HE TRULY owes them his life and that’s why he wanted to meet with the crew that saved him.
Yacht skipper Richard Houghton suffered a sudden cardiac arrest in the middle of the night while at home sleeping.
Thanks to the actions of his quick-thinking partner Dawn Saunders and paramedics from South Central Ambulance Service, the 58-year-old has lived to tell his tale.
He met the crew to say thank you for saving his life.
Richard, from Gosport, said: ‘It was truly wonderful and quite humbling to meet the ambulance crew – I had died and they literally gave me my life back.
‘I wanted to meet them to say a heartfelt thank you for all that they had done for me that night.
‘I’m truly in awe of their professionalism and dedication because thanks to them now I have a great future to look forward to.
‘They are very special people and I will never forget them.’
In June last year, Dawn woke up at 3am to find Richard murmuring incomprehensibly and face down in his pillow.
She dialled 999 and starting performing CPR on Richard before paramedics arrived.
The crews revived Richard by shocking him with a defibrillator to stabilise him, before taking him to Queen Alexandra Hospital in Cosham.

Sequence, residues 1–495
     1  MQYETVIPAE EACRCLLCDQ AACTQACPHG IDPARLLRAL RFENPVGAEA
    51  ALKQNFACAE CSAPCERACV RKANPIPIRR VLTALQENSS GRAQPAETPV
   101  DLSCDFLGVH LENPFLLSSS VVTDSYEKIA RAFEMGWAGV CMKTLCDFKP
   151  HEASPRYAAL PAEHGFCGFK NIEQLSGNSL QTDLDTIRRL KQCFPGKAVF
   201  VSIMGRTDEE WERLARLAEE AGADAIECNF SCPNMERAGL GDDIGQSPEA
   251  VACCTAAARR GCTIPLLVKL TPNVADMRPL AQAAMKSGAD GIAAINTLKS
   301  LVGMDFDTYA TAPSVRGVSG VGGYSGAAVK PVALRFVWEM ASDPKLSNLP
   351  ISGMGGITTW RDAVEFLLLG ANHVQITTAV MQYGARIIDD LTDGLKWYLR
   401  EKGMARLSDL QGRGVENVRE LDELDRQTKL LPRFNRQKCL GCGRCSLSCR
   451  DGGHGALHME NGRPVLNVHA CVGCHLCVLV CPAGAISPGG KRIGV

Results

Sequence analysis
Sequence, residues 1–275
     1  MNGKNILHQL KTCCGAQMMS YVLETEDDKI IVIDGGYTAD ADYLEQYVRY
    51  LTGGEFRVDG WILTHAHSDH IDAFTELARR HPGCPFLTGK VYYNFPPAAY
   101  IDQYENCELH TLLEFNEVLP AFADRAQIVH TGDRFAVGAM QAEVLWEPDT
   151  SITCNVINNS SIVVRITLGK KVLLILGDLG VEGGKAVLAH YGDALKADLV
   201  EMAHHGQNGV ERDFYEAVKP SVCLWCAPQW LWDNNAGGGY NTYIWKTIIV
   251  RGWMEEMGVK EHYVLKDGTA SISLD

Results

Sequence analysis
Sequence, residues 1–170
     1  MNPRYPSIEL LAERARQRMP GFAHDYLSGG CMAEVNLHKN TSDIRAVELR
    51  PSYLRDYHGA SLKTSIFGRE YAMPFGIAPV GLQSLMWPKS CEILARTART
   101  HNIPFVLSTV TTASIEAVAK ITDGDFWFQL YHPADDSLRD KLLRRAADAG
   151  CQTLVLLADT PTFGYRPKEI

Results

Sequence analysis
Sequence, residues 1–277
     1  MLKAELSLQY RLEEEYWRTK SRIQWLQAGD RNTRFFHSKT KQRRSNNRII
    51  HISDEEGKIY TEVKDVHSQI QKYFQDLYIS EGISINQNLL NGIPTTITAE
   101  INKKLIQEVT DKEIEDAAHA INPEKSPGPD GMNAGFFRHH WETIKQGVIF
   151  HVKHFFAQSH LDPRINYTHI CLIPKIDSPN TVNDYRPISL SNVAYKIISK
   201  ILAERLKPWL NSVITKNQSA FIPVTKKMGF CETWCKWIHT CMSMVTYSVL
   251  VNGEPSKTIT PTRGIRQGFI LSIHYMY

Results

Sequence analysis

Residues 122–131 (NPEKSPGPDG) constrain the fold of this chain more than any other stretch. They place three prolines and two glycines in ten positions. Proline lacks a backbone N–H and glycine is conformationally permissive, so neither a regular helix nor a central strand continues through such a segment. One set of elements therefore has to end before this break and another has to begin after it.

Richard was in an induced coma for six days and then spent two weeks on a cardiac ward.
Unable to walk or co-ordinate his limbs, he then had five weeks of intensive rehabilitation.
After spending a year recovering, Richard and Dawn were determined to meet the crew who helped save his life.
Paramedic Gail Anderson said: ‘I found it amazing and humbling to meet Richard again.
‘So often we drop patients at hospital and never hear about them again.
‘His story is fantastic and heart-warming and I feel very proud to have been part of it.’
In yesterday’s News, we told the story of how Matt King saved his best friend Lee Gerrard’s life when he had a cardiac arrest.
He used hands-only CPR.
Here’s your opportunity to learn vital CPR skills
PEOPLE can learn how to do CPR at an information event..Queen Alexandra Hospital in Cosham is hosting a Restart A Heart day on October 16.
Nurses from the resuscitation department will be in the hospital’s atrium all day teaching passers-by how to do CPR and learn the basic skills in how to save a life. Resuscitation experts will be on hand from 10am to 4pm to give advice and give demonstrations. People will also have the opportunity to play the interactive game Lifesaver, which puts you in control of a real-life situation and asks you ‘would you know what to do?’.